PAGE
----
Skip to content


Harry Cassin
Publisher and Editor

Andy Spalding
Senior Editor

Jessica Tillipman
Senior Editor

Bill Steinman
Senior Editor

Richard L. Cassin
Editor at Large

Elizabeth K. Spahn
Editor Emeritus

Cody Worthington
Contributing Editor

Julie DiMauro
Contributing Editor

Thomas Fox
Contributing Editor

Marc Alain Bohn
Contributing Editor

Bill Waite
Contributing Editor

Russell A. Stamets
Contributing Editor

Richard Bistrong
Contributing Editor

Eric Carlson
Contributing Editor

Aguilar: Gov’t Misled Grand Jury

The Mexican woman on trial in Los Angeles for helping bribe a Mexican official has formally alleged that FBI agents and DOJ prosecutors never had enough evidence to charge her and misled the grand jury that indicted her.

Angela Aguilar, 53, who’s been held without bond since her arrest last August, wants the judge to acquit her when the government is done putting on its case.

In her written argument, Aguilar, who’s charged with money laundering, says there’s no evidence she knew about any alleged bribery using money from bank accounts she controlled with her husband. She also says the “government acted improperly in convincing the grand jury to return an indictment in the first place.”

The government says Aguilar and her husband helped arrange millions in bribes from California-based Lindsey Manufacturing to Nestor Moreno, an official at the Mexican state-owned electric utility Comisión Federal de Electridad. The bribes were allegedly paid in exchange for contracts from CFE.

Aguilar’s husband, Enrique Faustino Aguilar Noriega, has also been indicted but is still at large.

Aguilar’s co-defendants in the LA trial are Lindsey Manufacturing, Keith Lindsey, and Steve Lee. They were charged in an eight-count superseding indictment with conspiracy to violate the Foreign Corrupt Practices Act and FCPA violations.

On cross examination last week, FBI Special Agent Susan Guernsey admitted that some information she provided to the grand jury may have been wrong and she may have omitted some important facts.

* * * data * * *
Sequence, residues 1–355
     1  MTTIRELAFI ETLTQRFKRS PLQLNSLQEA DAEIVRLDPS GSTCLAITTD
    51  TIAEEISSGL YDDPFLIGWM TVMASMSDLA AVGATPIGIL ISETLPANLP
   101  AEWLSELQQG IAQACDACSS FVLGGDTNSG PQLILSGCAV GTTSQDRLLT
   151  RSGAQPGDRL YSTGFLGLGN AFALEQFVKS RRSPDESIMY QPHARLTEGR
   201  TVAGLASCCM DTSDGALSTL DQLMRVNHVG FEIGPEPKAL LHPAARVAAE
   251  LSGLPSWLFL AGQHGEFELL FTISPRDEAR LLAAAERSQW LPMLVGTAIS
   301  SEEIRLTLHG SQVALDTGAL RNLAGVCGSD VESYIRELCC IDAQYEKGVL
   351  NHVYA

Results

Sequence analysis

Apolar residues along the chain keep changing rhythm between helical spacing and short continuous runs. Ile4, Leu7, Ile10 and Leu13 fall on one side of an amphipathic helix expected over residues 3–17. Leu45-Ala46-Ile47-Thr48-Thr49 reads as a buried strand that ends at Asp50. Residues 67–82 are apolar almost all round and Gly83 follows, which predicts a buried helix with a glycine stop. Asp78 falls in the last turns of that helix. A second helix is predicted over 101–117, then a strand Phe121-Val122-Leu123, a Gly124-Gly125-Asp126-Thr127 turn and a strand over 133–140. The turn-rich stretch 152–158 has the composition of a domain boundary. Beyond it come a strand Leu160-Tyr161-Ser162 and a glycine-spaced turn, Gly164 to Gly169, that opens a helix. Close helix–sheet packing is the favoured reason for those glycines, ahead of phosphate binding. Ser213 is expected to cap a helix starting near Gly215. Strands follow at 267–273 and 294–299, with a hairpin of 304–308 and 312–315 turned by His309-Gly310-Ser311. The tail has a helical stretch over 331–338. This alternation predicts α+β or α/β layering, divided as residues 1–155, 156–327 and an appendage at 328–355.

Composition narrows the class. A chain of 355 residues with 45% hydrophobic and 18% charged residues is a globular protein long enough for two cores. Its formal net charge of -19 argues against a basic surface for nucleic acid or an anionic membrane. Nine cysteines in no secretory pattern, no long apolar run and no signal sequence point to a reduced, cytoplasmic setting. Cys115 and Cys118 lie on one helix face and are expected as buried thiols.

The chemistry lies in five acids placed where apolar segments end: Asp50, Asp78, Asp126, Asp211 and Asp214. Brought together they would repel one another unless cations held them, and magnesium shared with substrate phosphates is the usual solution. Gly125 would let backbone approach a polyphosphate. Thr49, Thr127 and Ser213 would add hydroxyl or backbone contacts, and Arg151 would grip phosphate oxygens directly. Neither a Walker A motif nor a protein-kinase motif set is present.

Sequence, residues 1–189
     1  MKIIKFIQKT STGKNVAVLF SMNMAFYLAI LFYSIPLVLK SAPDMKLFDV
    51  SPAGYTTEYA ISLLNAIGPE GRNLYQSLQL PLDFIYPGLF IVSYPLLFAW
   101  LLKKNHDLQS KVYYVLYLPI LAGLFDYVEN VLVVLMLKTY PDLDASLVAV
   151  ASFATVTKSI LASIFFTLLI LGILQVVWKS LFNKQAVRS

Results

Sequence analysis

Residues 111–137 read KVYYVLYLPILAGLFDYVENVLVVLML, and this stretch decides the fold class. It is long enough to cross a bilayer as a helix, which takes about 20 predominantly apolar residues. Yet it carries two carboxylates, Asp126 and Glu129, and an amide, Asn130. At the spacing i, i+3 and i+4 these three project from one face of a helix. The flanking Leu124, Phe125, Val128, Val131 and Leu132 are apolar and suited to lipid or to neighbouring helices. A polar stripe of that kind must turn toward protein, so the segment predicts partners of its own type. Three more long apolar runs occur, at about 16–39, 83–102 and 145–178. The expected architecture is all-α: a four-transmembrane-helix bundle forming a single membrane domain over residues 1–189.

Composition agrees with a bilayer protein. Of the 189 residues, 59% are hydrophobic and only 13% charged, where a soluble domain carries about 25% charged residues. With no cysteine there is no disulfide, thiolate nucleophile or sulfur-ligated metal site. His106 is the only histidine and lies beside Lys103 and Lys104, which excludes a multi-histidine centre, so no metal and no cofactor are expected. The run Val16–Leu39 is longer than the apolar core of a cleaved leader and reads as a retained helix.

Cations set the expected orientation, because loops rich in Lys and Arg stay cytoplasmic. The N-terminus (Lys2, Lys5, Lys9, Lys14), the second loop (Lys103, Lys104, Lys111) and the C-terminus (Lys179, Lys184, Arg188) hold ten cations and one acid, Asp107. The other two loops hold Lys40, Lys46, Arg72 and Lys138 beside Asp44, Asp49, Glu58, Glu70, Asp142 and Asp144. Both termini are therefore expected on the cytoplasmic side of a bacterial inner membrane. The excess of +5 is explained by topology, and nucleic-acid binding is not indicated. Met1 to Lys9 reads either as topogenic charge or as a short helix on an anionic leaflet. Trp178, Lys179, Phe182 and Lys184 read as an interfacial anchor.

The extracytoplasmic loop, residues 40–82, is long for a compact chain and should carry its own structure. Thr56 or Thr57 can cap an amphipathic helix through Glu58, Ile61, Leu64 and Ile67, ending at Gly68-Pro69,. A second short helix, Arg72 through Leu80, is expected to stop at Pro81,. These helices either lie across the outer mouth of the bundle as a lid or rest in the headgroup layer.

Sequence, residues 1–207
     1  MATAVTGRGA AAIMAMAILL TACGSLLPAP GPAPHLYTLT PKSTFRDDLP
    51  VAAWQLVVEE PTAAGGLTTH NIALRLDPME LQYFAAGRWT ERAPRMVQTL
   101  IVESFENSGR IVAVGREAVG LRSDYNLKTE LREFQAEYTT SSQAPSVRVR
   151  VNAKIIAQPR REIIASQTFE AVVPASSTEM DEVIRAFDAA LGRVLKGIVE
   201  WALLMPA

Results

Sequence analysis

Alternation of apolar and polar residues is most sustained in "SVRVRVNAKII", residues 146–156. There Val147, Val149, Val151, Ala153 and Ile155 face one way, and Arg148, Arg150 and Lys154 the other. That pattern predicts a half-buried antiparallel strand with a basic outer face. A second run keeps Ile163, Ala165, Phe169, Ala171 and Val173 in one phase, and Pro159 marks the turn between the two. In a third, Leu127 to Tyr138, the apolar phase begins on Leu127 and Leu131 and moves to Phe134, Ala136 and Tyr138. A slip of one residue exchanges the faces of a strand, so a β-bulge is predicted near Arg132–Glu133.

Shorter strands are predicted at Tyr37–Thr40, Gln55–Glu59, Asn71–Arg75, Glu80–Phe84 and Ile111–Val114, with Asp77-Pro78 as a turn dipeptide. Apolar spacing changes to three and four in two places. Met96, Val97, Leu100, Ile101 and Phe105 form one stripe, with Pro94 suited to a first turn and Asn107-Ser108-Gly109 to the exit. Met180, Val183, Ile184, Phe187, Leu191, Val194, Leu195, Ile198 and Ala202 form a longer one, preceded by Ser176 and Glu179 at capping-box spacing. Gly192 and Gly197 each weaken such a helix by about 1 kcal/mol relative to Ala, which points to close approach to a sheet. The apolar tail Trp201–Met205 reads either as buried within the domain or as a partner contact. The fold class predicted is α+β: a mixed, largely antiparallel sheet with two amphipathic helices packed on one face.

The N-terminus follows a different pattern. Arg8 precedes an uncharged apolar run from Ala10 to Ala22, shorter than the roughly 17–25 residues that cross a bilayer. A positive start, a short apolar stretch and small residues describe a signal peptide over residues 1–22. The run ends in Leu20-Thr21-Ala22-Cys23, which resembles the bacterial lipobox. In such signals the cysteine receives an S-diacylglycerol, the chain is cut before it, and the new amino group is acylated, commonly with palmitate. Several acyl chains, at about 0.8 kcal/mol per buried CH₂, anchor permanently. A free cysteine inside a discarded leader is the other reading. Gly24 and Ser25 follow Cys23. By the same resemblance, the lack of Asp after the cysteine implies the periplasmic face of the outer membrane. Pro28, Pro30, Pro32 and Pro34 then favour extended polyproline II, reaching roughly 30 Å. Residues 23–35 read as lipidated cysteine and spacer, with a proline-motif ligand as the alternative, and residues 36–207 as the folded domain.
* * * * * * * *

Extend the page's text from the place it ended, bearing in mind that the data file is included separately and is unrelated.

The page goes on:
She testified to grand juries in September and October last year that indicted Angela Aguilar and Lindsey Manufacturing Company, CEO Dr. Keith Lindsey, and CFO Steve K. Lee.

In a section of her brief headed “The Government Misled the Grand Jury,” Aguilar said:

As made clear from the trial testimony of co-case agent Susan Guernsey of the FBI, the government presented testimony to the grand jury both before the return of the original indictment and the first superseding indictment that was materially and admittedly false (or, to use Special Agent Guernsey’s words, “the events were a little bit different.”) What is now apparent is that the government never had any evidence to connect Angela Aguilar to the alleged money laundering scheme other than her signature on various financial documents; there never has been any evidence, direct or circumstantial, establishing her knowledge that the financial transaction in which she tangentially participated involved any criminally-derived proceeds.”

Defense lawyers expect the government to wrap up its case Tuesday morning. At that point — before the defendants begin presenting their evidence — the judge will hear motions for judgment of acquittal from Aguilar and probably her co-defendants.

Download a copy of Angela Aguilar’s motion for a judgment of acquittal at the close of the government’s evidence filed April 29, 2011 here.


Judge A. Howard Matz is presiding over the Los Angeles case — U.S. v. Noriega et al, U.S. District Court, Central District of California (Western Division – Los Angeles), Case #: 2:10-cr-01031-AHM-4.

Jan L. Handzlik of Greenberg Traurig is defending Lindsey Manufacturing and Dr. Keith Lindsey. Steve K. Lee is represented by Janet Levine of Crowell & Moring. Angela Aguilar is represented by Stephen G. Larson of Girardi | Keese.


Share this post


Comments are closed for this article!